Relatively unknown to the US, William Beckford, the fabulously wealthy bisexual aesthete with a rapacious appetite for boys, buildings, and baubles will be a more familiar figure to British audiences as a result of current publicity about the restoration of his tower in Bath and because of his biography (1998) by Timothy Mowl.
Americans will now be able to make the acquaintance of this extraordinary man through the exhibition, “William Beckford, 1760-1844: an eye for the magnificent”, at the Bard Graduate Center (18 October to 6 January).
The only legitimate son of Alderman Beckford, the Whig twice Lord Mayor of London, William inherited an immense fortune in sugar plantations that his great grandfather amassed while governor of Jamaica. Beckford’s mother Maria Marsh was a granddaughter of the Sixth Duke of Abercorn (Sir William Hamilton, the British envoy, was a distant cousin), and he fully expected a peerage after becoming an MP in 1784. But his ambitions evaporated in scandal.
While visiting Viscount Courtenay’s Powderham Castle in 1779 Beckford fell in love with the viscount’s 11-year-old son, William “Kitty” Courtenay. His pederastic swooning over the next three years led Beckford’s mother to bundle him off on a Grand Tour of Italy and arrange his marriage in 1783 to Lady Margaret Gordon, who countenanced the homosexual affair and bore him two daughters.
The boy’s uncle Lord Loughborough, Chief Justice of the Common Pleas, got hold of erotic letters from Beckford to his nephew, and engineered a public humiliation that led Beckford to flee to Switzerland. Beckford withdrew from society for the rest of his life, devoting himself to collecting on a princely scale.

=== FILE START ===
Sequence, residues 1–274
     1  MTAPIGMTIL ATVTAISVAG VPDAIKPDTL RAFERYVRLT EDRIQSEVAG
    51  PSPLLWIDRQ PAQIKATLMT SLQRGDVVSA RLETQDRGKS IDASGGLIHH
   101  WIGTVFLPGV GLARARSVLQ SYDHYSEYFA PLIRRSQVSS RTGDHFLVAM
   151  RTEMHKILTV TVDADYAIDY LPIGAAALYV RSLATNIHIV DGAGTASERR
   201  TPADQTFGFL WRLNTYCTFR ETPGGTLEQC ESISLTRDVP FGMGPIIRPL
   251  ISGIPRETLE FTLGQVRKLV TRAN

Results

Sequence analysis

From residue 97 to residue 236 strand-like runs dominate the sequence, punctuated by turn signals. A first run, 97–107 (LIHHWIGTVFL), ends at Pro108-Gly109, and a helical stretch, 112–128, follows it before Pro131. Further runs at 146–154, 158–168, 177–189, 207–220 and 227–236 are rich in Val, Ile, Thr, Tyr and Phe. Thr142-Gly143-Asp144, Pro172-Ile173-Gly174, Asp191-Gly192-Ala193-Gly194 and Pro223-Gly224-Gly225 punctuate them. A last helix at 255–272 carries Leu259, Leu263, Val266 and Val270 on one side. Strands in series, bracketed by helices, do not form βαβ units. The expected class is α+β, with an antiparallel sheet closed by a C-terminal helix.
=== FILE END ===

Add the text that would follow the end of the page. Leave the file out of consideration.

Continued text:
Superb hardstone vessels and objets de vertu, silver and gold, Japanese lacquers, Mughal jades, mounted porcelain, bronzes, pietra dura and Boulle furniture, Old Master paintings, prints and drawings, and a marvellous library were housed in Beckford’s renowned Gothic folly Fonthill Abbey in Wiltshire, said to have inspired Barry’s Palace of Westminster.
But Fonthill’s 276-foot tower collapsed in a heap during his lifetime, and, facing bankruptcy, Beckford’s holdings were dispersed.
Today one may visit the neo-Classical tower he erected in Bath (recently restored thanks to the Beckford Tower Trust), or see portions of his son-in-law’s legacy in Brodick Castle, but only the Bard Graduate Center’s exhibition can give us any idea of the riches he amassed. On view is a trove of 160 objects which together conjure up the extravagance and breadth of Beckford’s wealth and taste.
“So much has been written about Beckford’s literary efforts and the gossip aspects of his life, but no one has ever really looked at his collections,” notes consultant Phillip Hewatt-Jaboor, who co-curated the show with art historian Bet McLeod. “The point of this exhibition is to examine the works of art and let them stand on their own.”
The exhibition is remarkable not least for its magisterial catalogue (Yale University. Press), a customary feature of Bard productions. Edited by the Center’s Derek Ostergard, its 16 essays include studies of Beckford’s houses and towers, his landscape garden, his travels in Switzerland, Portugal, and Paris, his life in London and Bath, and his tastes, supplemented by copious entries for each object.